A Rare Look at Michelangelo’s Private Papers
The secret life of marginalia, or what private poetry has to do with humanity’s greatest public art.
By Maria Popova
Besides being one of humanity’s most beloved artists, Michelangelo is also a paragon of the kind of cross-disciplinary curiosity and creativity I try to foster with Brain Pickings. But the origin and process of his creative genius turns out to be much more layered and faceted than previously thought. In Michelangelo: A Life on Paper, Princeton scholar Leonard Barkan exposes a lesser-known side of Michelangelo, looking beyond the great artistic achievements like the Sistine ceiling, the David, the Piet, and the dome of St. Peter’s to reveal, with as much intimacy as history’s most coveted artifacts will allow, a rare glimpse of Michelangelo’s unconscious.
Both a journey into the serendipity and randomness of the great artist’s curiosity and a record of his practical creative process, the lavish tome features over 200 museum-quality reproductions of Michelangelo’s most private papers and sketches. The drawings and doodles are sprinkled with bits of poetry, personal budgets, contracts, memos to self and other ephemera of the life of the mind, presenting the first study of the remarkable interplay between words and images in Michelangelo’s work.
The book is really about [Michelangelo’s] interior life. It’s an archive of the things that he put together when his mind was wandering and his hand was wandering and words popped into his head or drawings seeped out of his pen.” ~ Leonard Barkan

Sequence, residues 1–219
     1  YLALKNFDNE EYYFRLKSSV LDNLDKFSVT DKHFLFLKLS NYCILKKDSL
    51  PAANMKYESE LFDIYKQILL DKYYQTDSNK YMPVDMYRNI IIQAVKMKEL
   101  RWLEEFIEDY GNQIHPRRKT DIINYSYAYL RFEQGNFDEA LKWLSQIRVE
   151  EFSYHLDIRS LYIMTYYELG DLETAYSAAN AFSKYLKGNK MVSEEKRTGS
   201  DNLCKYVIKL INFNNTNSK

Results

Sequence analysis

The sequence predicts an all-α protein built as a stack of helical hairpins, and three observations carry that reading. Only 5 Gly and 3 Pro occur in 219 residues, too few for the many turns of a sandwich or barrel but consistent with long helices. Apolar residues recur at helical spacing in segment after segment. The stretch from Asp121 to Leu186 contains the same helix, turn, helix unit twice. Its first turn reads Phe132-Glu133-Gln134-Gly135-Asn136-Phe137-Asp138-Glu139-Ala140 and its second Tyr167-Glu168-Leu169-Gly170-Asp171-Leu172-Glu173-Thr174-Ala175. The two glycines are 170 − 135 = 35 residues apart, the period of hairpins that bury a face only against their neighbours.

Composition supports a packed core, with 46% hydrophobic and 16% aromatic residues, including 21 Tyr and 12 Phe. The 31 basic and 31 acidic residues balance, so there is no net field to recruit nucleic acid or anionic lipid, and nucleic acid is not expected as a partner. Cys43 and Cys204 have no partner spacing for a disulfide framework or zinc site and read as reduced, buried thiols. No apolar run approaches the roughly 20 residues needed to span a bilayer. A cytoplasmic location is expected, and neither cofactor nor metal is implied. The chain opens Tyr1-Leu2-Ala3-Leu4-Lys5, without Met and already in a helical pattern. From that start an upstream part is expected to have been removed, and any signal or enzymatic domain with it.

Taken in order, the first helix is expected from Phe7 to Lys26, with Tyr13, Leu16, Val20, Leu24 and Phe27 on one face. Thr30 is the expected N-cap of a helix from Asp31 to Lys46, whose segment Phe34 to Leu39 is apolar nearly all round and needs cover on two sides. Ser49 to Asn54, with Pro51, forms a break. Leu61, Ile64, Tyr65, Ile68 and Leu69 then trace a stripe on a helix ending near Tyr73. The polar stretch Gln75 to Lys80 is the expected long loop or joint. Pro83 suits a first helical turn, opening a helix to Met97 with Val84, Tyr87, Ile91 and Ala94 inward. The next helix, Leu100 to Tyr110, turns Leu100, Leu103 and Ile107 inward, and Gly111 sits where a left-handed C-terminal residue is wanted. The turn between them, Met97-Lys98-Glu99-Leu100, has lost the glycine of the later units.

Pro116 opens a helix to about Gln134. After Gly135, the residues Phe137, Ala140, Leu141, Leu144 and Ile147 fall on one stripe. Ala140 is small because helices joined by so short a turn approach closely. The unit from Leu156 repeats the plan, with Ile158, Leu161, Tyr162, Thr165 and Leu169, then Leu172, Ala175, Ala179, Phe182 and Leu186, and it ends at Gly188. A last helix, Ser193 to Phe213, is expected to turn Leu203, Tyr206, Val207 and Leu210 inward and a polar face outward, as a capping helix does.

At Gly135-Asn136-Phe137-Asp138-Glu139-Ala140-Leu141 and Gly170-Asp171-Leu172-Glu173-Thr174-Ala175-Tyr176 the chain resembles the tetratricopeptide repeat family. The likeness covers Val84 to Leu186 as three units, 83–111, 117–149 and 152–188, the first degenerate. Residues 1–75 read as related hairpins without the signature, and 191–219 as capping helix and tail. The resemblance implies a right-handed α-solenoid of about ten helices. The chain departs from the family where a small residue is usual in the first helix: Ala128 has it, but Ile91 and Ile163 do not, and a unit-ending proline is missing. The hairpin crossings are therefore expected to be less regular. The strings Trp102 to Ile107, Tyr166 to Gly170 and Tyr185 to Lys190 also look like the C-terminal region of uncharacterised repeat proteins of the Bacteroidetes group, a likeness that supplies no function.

As a lover of language, I see as one of Barkan’s greatest feats the thoughtfulness with which he illuminates the role of the written word in Michelangelo’s creative process and the importance of marginalia in his — and anyone’s, really — artistic exploration.
Desire engenders desire and then leaves pain.” ~ Michelangelo
What makes Michelangelo: A Life on Paper all the more intriguing is that, by extending an invitation into Michelangelo’s private world of words written for his eyes alone, it raises the question of whom we create for — ourselves, as tender beings with a fundamental need for self-expression, or an audience, as social creatures with a fundamental desire to be liked, understood and acclaimed.
Published June 16, 2011